Humans and Other People: A review of NEXT OF KIN: MY CONVERSATIONS WITH CHIMPANZEES by Roger Fouts and Stephen Tukel Mills

I sorely miss the field of anthropology, so I read NEXT OF KIN: MY CONVERSATIONS WITH CHIMPANZEES by Roger Fouts and Stephen Tukel Mills, a persuasive memoir that chronicles Fouts’ history with chimpanzee Washoe and her chimpanzee family, with whom he researched communication with and between chimpanzees in ASL.

The only critique I have of NEXT OF KIN that I want to bring up is that Fouts’ argument for the legal (and generally understood) personhood of chimpanzees depends on an assumption that non-white, non-male humans have indeed achieved full personhood status in the 21st century. On multiple occasions, he references that once upon a time, people of color and women were not considered people, but that such views are now considered unthinkable–hence, he imagines a future where to relegate chimpanzees to the status of object and not subject would be considered similarly unthinkable. It is… an experience to read this part of the argument in 2014, when anti-Black racism is institutionalized to the point where legal institutions are causing more deaths in the African-American community than lynchings in the early 1900s and women who create public feminist work and research receive death threats for having done so. Fouts’ ignorance of the fact that lots of people still aren’t allowed to be people undermined the text to some degree.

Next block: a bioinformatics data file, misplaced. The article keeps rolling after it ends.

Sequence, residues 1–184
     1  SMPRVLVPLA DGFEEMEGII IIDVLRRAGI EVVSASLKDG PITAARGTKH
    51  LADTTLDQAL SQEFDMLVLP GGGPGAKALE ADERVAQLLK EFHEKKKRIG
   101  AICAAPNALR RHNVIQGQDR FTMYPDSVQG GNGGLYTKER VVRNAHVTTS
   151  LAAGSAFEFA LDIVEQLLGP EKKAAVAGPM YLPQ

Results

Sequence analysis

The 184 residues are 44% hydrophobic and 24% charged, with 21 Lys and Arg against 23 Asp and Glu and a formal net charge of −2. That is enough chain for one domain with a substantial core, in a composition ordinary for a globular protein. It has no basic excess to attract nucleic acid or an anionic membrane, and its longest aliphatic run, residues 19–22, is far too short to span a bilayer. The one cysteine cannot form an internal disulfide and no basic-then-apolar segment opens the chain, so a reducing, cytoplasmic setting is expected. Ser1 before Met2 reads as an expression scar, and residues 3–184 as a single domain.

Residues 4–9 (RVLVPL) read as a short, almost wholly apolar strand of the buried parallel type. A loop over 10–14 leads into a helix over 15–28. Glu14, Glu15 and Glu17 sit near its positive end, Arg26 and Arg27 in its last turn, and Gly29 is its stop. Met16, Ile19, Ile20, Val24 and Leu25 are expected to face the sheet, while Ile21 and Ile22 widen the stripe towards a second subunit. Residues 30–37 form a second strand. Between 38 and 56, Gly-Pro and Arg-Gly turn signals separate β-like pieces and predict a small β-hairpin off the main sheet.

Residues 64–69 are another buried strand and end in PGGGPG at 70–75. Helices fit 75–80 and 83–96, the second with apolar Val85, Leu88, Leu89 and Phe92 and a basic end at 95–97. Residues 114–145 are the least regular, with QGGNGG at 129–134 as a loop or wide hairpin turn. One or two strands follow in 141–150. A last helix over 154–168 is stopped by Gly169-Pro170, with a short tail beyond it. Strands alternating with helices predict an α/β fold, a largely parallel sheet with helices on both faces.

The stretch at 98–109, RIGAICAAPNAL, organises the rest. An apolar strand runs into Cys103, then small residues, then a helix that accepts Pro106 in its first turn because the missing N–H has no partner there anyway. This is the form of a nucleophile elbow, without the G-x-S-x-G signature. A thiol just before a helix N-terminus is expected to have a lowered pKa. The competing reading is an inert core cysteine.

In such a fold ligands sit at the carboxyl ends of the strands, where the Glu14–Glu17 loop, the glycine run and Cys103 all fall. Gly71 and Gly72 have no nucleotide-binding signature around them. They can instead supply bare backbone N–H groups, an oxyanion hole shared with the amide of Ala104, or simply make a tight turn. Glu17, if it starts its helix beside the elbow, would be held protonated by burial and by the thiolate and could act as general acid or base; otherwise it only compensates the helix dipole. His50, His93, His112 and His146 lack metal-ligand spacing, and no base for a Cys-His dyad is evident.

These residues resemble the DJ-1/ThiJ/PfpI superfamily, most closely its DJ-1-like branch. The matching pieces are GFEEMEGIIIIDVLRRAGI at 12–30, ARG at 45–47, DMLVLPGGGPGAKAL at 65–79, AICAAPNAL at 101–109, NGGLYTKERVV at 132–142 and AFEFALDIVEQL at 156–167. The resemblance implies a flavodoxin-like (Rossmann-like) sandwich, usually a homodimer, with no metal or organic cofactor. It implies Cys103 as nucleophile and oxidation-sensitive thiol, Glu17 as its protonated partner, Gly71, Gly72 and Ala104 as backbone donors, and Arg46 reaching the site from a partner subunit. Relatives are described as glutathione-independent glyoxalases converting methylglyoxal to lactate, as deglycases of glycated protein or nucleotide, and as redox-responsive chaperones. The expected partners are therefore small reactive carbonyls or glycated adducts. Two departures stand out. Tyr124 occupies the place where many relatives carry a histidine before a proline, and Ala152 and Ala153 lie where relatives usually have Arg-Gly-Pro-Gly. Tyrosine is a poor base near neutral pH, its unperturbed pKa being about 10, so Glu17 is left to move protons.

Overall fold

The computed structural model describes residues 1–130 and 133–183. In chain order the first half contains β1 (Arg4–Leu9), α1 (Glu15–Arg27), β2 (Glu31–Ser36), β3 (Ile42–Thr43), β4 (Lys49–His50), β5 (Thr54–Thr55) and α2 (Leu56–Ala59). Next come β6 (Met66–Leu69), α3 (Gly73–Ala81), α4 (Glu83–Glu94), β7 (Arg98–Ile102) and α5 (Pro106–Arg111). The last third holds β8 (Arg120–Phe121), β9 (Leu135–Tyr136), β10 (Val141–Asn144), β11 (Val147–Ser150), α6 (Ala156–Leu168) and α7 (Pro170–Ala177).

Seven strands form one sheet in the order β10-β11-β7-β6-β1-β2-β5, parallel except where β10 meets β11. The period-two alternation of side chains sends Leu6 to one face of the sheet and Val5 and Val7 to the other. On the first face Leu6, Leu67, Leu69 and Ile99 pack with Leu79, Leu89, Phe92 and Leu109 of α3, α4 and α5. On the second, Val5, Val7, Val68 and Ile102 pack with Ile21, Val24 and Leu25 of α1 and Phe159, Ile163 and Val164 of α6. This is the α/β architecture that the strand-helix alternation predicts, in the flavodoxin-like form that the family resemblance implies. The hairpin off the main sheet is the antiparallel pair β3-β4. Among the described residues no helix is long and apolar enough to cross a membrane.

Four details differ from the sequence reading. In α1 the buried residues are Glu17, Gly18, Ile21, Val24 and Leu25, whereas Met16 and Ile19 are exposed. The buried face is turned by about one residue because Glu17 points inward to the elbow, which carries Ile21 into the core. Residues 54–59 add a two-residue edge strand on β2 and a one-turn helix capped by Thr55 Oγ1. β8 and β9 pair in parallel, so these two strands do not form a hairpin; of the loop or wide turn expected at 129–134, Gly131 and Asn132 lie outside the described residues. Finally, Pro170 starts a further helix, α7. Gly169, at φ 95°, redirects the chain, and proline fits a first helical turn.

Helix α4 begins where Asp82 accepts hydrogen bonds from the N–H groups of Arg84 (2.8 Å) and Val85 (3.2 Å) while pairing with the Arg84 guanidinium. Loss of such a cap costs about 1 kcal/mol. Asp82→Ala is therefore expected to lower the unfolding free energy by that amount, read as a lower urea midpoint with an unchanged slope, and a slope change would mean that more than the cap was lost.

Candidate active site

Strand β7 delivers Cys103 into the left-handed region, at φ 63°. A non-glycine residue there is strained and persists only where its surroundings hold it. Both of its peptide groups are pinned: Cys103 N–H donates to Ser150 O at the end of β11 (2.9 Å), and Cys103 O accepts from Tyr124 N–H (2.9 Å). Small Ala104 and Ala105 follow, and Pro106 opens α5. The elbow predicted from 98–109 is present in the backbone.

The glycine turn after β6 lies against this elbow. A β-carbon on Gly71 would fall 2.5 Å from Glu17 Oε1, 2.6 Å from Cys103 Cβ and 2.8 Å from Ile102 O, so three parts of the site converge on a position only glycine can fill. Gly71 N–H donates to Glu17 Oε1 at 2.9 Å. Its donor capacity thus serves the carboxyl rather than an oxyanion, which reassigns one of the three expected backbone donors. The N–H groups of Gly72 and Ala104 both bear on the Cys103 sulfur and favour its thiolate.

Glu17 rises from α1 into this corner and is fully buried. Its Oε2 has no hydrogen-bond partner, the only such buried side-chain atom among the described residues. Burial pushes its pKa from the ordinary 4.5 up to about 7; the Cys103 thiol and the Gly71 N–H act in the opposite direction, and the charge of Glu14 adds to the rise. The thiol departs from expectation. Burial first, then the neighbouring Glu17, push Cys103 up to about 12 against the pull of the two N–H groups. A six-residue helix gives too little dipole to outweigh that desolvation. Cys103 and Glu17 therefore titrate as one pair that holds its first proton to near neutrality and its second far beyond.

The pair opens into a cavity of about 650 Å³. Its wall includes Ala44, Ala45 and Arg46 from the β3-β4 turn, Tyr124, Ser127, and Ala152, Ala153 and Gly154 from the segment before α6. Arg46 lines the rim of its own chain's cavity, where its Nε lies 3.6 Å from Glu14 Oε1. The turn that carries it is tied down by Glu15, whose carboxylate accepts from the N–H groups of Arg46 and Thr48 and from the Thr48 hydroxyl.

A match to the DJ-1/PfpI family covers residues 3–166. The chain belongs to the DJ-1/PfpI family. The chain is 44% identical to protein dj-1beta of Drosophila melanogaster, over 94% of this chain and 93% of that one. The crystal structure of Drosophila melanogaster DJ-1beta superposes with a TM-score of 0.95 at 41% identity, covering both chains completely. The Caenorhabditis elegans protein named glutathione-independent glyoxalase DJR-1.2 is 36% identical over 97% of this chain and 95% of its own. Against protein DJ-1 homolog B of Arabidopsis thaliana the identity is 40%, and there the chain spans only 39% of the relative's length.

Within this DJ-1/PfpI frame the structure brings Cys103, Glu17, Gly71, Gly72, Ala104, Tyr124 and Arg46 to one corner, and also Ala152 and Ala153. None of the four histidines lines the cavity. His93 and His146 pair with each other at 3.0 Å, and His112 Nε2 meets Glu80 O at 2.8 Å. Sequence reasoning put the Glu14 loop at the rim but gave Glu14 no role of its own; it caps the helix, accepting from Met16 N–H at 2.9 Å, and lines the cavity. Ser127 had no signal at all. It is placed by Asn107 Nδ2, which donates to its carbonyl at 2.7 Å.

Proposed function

Scientists are human, too, a revelation which says much about my assumptions/expectations. The rest of Fouts’ book is beautifully drafted, making clear and complex scientific research accessible to a non-industry reader. Fouts’ explanation of evolutionary history and how it relates to the similarities and differences between humans and chimpanzees should be taught in all introductory anthropology classrooms, it is so thoroughly fascinating and so fascinatingly thorough. The more conventionally memoir sections were an absolute joy to read; I all but forced friends and family to listen to me retell stories of Lucy’s and Washoe’s personalities and lives on several occasions. I also cried a lot. The book is also, in part, a personal recollection of the conversion of an academic into an activist, the telling of which is done very frankly with regards to how that changes the meaning of a “career,” and why Fouts made those choices intentionally, regardless. I recommend this book to anyone who has ever cared about the biosphere, the biomedical industry, or made a connection with a non-human animal.

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